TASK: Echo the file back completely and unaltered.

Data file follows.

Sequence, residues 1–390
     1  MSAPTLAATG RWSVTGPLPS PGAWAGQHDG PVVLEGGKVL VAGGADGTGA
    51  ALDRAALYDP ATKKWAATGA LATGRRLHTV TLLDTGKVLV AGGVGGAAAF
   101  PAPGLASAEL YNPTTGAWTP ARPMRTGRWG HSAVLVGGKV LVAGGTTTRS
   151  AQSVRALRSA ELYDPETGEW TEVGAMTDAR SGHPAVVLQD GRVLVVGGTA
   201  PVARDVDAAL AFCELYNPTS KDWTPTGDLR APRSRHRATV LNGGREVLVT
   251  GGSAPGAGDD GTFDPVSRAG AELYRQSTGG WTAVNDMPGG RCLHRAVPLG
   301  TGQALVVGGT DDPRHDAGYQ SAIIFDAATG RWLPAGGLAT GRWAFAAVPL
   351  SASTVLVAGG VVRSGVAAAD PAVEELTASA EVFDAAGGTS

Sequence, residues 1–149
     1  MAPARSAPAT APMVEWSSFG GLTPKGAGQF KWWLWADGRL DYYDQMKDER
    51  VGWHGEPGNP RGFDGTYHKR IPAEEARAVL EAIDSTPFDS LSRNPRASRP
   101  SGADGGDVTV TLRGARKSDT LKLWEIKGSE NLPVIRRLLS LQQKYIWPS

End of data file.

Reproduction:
Sequence, residues 1–390
     1  MSAPTLAATG RWSVTGPLPS PGAWAGQHDG PVVLEGGKVL VAGGADGTGA
    51  ALDRAALYDP ATKKWAATGA LATGRRLHTV TLLDTGKVLV AGGVGGAAAF
   101  PAPGLASAEL YNPTTGAWTP ARPMRTGRWG HSAVLVGGKV LVAGGTTTRS
   151  AQSVRALRSA ELYDPETGEW TEVGAMTDAR SGHPAVVLQD GRVLVVGGTA
   201  PVARDVDAAL AFCELYNPTS KDWTPTGDLR APRSRHRATV LNGGREVLVT
   251  GGSAPGAGDD GTFDPVSRAG AELYRQSTGG WTAVNDMPGG RCLHRAVPLG
   301  TGQALVVGGT DDPRHDAGYQ SAIIFDAATG RWLPAGGLAT GRWAFAAVPL
   351  SASTVLVAGG VVRSGVAAAD PAVEELTASA EVFDAAGGTS

Sequence, residues 1–149
     1  MAPARSAPAT APMVEWSSFG GLTPKGAGQF KWWLWADGRL DYYDQMKDER
    51  VGWHGEPGNP RGFDGTYHKR IPAEEARAVL EAIDSTPFDS LSRNPRASRP
   101  SGADGGDVTV TLRGARKSDT LKLWEIKGSE NLPVIRRLLS LQQKYIWPS